Dreadnoughts and the Royal Navy
In the early 20th century, Britain’s naval fleet was seen as one of the foundations of its empire, and a reflection of the country’s power and wealth. As Britain was portrayed in books, plays and popular culture as an island nation, the Royal Navy was seen as the defender of the island, and its first line of defence. A leading article in The Observer in 1909 described the supremacy of the Royal Navy as “the best security for the world’s peace and advancement”.
HMS Dreadnought, the first of Britain’s “dreadnought” class of battleship, entered into Royal Navy service in 1906. Dreadnought was the most technologically advanced ship that had been built; it was better armed, faster and stronger than any other vessel afloat. According to the historian Jan Rüger, from the time the ship was launched, it took on cultural significance as a symbol and entered into public consciousness through songs and advertising. When the ship visited London in 1909—part of three fleet reviews held—a million people were estimated to have watched its arrival, and by 1910 it “had become a cultural icon with undeniable symbolic status”. Rüger gives examples of advertising for Oxo stock cubes: “Drink OXO and dread nought”; a tailoring business that used the slogan “Dreadnought and wear British clothing”; and “Dreadnought trams” ran, styled as battleships, and complete with imitation guns. The cultural historian Elisa deCourcy describes the Dreadnought as having “a near sacrosanct nature” for the Edwardians.
In February 1910 the captain of Dreadnought was Herbert Richmond; Admiral Sir William May was the Commander-in-Chief, Home Fleet; as such, Dreadnought was his flagship. Also present on Dreadnought was Commander Willie Fisher—the Stephens’ cousin—who was on the staff of the Admiral.
In a talk given in 1940 Woolf described how, in 1910, young naval officers enjoyed playing practical jokes on one another:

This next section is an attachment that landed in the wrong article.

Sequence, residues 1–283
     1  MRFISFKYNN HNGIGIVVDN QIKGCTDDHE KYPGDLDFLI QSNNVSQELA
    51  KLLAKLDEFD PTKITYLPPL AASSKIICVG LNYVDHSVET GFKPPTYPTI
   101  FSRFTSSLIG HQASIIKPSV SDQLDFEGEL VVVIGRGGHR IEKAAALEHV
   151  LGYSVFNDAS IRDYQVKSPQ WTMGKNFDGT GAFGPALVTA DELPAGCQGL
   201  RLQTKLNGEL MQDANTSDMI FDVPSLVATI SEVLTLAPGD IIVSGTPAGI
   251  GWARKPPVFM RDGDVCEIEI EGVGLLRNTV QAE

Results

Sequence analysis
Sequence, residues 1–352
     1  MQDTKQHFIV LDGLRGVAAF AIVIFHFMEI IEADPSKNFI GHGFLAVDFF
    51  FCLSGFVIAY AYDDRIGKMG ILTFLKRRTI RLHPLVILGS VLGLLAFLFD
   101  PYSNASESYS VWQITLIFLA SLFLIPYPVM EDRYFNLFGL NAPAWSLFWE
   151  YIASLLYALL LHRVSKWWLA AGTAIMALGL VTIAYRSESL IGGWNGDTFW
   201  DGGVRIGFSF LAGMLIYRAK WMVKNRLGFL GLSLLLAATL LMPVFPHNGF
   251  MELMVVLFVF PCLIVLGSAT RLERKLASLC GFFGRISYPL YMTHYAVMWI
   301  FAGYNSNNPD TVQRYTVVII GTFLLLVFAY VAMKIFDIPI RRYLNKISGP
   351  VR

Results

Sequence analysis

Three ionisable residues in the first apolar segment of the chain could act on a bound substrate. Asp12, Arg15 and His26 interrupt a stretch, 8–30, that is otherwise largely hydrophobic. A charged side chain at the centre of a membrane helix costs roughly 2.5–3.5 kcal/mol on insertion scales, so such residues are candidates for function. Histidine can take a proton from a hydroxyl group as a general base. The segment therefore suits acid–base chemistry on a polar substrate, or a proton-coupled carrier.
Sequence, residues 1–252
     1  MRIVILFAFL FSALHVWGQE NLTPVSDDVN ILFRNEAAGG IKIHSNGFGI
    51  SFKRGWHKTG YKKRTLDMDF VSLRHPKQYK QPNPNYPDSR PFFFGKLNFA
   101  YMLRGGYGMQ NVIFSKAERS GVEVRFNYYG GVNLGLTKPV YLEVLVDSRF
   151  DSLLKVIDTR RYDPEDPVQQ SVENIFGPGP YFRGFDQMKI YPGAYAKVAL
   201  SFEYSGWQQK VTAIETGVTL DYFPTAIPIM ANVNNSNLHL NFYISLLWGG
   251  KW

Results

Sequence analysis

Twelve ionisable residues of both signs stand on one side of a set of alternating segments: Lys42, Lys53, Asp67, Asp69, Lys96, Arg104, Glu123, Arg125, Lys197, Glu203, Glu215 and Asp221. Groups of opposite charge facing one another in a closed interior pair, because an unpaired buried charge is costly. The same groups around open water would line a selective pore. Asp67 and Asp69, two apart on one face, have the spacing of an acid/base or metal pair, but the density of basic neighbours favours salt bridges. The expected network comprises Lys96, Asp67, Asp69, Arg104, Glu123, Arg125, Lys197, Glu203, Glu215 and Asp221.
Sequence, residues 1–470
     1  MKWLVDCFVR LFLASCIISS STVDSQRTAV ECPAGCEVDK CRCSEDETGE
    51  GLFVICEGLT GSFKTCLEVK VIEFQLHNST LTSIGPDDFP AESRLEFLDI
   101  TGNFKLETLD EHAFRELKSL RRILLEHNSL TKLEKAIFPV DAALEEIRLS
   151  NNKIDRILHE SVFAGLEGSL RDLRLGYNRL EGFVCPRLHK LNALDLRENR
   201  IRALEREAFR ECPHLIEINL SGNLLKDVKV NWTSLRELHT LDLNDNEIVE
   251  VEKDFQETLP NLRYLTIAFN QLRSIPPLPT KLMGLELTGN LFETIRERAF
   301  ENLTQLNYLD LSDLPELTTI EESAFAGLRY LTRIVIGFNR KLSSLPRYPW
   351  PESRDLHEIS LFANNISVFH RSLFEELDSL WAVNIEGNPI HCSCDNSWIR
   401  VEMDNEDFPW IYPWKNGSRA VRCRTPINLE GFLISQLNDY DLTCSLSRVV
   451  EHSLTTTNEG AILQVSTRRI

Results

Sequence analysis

- the officers of the Hawke and the Dreadnought had a feud. … And Cole’s friend who was on the Hawke had come to Cole, and said to him, “You’re a great hand at hoaxing people; couldn’t you do something to pull the leg of the Dreadnought? They want taking down a bit. Couldn’t you manage to play off one of your jokes against them?”
This involved Cole and five friends—writer Virginia Stephen (later Virginia Woolf), her brother Adrian Stephen, Guy Ridley, Anthony Buxton and artist Duncan Grant—who had themselves disguised by the theatrical costumier Willy Clarkson with skin darkeners and turbans to resemble members of the Abyssinian royal family. The main limitation of the disguises was that the “royals” could not eat anything or their make-up would be ruined. Adrian Stephen took the role of “interpreter”.
On 7 February 1910 Clarkson’s employees visited Woolf’s home and applied the stage make-up to Woolf, Grant, Buxton and Ridley, then provided eastern robes. According to the Daily Mirror, they were also wearing £500 of jewellery; Martin Downer, in his biography of Cole, doubts the amount, which is not repeated by any of the participants.
A friend of Stephen’s sent a telegram to the “C-in-C, Home Fleet” stating that “Prince Makalen of Abbysinia [sic] and suite arrive 4.20 today Weymouth. He wishes to see Dreadnought. Kindly arrange meet them on arrival”; the message was signed “Harding Foreign Office”. Cole had found a post office that was staffed only by women, as he thought they were less likely to ask questions about the message. Cole with his entourage went to London’s Paddington station where Cole claimed that he was “Herbert Cholmondeley” of the Foreign Office and demanded a special train to Weymouth; the stationmaster arranged a VIP coach.
In Weymouth, the navy welcomed the princes with an honour guard. An Abyssinian flag was not found, so the navy proceeded to use that of Zanzibar and to play Zanzibar’s national anthem.
The group inspected the fleet. To show their appreciation, they communicated in a gibberish of words drawn from Latin and Greek; they asked for prayer mats and attempted to bestow fake military honours on some of the officers. Commander Fisher failed to recognise either of his cousins.
When the prank was uncovered in London, the ringleader Horace de Vere Cole contacted the press and sent a photo of the “princes” to the Daily Mirror. The group’s pacifist views were considered a source of embarrassment, and the Royal Navy briefly became an object of ridicule. The Navy later demanded that Cole be arrested. However, Cole and his compatriots had not broken any law. Instead, with the exception of Virginia Woolf, they were subjected to a symbolic thrashing on the buttocks by junior Royal Navy officers.
According to press reports, during the visit to Dreadnought, the visitors repeatedly showed amazement or appreciation by exclaiming “Bunga Bunga!” In 1915 during the First World War, HMS Dreadnought rammed and sank a German submarine—the only battleship ever to do so. Among the telegrams of congratulation was one that read “BUNGA BUNGA”
A song was heard in music halls that year, sung to the tune of “The Girl I Left Behind”
- When I went on board a Dreadnought ship
- I looked like a costermonger;
- They said I was an Abyssinian prince
- ‘Cos I shouted ‘Bunga Bunga!’